In the lead up to Friday’s Tes Awards evening, where FOSIL and the FOSIL Group have been shortlisted for the ‘Strategic Education Award Initiative’, Joseph Sanders, teacher of Politics, gives an insight into how FOSIL has been used to help Oakahamians craft their political essays to satisfy the success criteria of the exam board.
When something is so integral to the way one teaches every lesson of every day, it is a real pleasure, but also a significant challenge, to pause, step back, and distil what makes this magic ‘something’ so special to me and my learners. FOSIL has become such a key part of my teaching life that singing its praises in their entirety would require a symphony orchestra. Instead an explanation of how I discovered FOSIL and the main ways in which I incorporate it into my teaching and learning might be more digestible. As a Lead Practitioner, I am fortunate to be in a position where I can spread the word about FOSIL across the School and into the wider teaching and learning community through The FOSIL Group. But just four years ago I had no idea what it was.
My own inquiry into FOSIL began, like most pedagogical improvements, with a diagnosis of where I felt I was letting my students down. I knew that pupils learn best when they do for themselves. But I also knew that we cannot unleash the full potential of our learners without providing them with the scaffolds for success. The area I was most concerned with was that I needed to help my students access skills such as analysis and evaluation but was unable to find a framework to achieve this.
Therefore in some ways, this route towards FOSIL was a little different from others. Many teachers have discovered FOSIL because they wanted to embark upon an inquiry project and could apply the superb resources and accessible framework of FOSIL to the approach they desired for their pupils. However, I realised, with the help and expertise of the incredible library staff at Oakham, that FOSIL could permeate every aspect of learning.
Though I have crafted inquiries into topics such as Pressure Groups, Devolution and Human Rights, my aim was to design a resource that students could use to plan and structure the long essays associated with the study of Politics at A-level (as well as numerous similar subjects). My pupils seemed unable at times to access the correct ‘formula’ required to craft an essay that satisfied the success criteria of the course. Some forgot to apply and analyse contemporary evidence, some did not move their arguments onto vital evaluative statements, and yet more lost track of their wider debating points altogether. What I needed was something that got to the heart of the thought process in planning an essay, provided a clear guide to structuring it, and also challenged my pupils to move onto the higher order thinking skills that many struggle with post-GCSE.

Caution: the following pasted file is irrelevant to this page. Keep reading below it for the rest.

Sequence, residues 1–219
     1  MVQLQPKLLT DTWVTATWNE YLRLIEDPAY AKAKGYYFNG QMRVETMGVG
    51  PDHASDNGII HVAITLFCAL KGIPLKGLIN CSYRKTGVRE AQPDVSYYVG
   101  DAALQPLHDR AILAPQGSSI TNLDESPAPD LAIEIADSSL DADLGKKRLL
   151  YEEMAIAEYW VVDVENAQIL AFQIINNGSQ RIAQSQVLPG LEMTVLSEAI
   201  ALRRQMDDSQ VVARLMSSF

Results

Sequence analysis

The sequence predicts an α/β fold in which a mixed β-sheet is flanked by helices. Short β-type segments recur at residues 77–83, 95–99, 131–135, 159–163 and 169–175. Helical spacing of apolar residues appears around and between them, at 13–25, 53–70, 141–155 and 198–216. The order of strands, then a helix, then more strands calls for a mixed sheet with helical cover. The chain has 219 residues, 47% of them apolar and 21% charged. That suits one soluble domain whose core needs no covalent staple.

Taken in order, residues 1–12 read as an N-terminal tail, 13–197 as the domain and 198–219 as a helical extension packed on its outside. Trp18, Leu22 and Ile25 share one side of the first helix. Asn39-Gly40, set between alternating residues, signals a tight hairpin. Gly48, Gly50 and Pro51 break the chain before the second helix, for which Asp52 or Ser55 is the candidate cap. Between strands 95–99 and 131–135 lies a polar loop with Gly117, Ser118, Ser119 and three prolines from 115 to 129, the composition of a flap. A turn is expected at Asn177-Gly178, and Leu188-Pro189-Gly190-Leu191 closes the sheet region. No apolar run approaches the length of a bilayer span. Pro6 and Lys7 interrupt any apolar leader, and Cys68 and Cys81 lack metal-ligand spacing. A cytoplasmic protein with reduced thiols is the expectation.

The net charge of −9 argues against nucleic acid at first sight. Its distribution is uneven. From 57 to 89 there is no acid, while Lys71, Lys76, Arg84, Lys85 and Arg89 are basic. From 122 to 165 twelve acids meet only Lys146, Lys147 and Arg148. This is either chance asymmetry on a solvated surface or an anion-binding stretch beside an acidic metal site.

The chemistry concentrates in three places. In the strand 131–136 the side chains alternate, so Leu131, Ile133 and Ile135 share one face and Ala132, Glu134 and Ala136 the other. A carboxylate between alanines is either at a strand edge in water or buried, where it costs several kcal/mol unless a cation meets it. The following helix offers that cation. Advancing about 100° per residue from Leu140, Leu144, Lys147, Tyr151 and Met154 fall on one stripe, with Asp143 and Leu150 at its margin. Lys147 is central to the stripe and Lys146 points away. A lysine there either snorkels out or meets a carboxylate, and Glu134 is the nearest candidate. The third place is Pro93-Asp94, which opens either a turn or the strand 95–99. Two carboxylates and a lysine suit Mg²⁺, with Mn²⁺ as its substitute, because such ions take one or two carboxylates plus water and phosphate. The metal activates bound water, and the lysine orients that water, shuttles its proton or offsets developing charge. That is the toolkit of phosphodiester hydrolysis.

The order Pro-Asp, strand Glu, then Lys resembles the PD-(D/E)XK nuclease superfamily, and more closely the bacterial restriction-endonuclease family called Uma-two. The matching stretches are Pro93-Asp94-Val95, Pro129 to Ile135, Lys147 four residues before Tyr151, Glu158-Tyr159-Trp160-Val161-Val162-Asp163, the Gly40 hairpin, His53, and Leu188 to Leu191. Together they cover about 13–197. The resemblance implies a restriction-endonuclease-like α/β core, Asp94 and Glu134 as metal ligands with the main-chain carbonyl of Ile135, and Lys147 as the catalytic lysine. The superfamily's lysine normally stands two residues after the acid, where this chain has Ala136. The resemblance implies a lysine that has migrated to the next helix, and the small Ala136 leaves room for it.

Within a double sided A3 ‘wrap’ sheet, we therefore provided students with the space to access every stage of FOSIL associated with the planning, execution and feedback of exam-style essays. Pupils are first guided through Connect, Wonder and Investigate, where the thorough information- and question-gathering takes place prior to planning and writing the essay itself; Which synoptic and sub-questions should I ask? Which resources do I require? Which key concepts will I need to apply? The centre fold of the wrap is the section the students appreciate the most; the Construct structure that enables them to marshal their thoughts. My aim was for this to cater to the students who struggle with basic essay technique, while also benefitting those seeking to reach mastery level by reminding them to consider the different skills and assessment objectives that make an A* answer. After the students Express their essay, the final page of the wrap asks them to Reflect on their approach towards each stage of the FOSIL cycle and engage with the course assessment objectives, working with the teacher to generate formative ‘feed-forward’ for next time.
The core principles of inquiry-based learning remain central to these resources. Better still, I can transfer the bank of materials we have built up across every topic I teach. Each stage can be applied to every lesson and every unit of work, not just in essay wraps, but in noting sheets, reflection on simulations and research tasks. The fact that teachers now use FOSIL resources so routinely also embeds the thinking and learning skills we are trying to nurture and breeds a common language across the board. Pupils know that, when they see the green and orange of Connect and Wonder, they will need to draw on what they already know and identify questions that can move their thinking along. Just as they know that the purple Reflect stage demands honest, detailed and formative consideration of how they can master a topic next time. Sharing these co-created resources within the FOSIL Group and across such an array of subject areas as drama, chemistry and history is testament to their pertinence and adaptability.
This resource and many others are freely available via The Fosil Group website.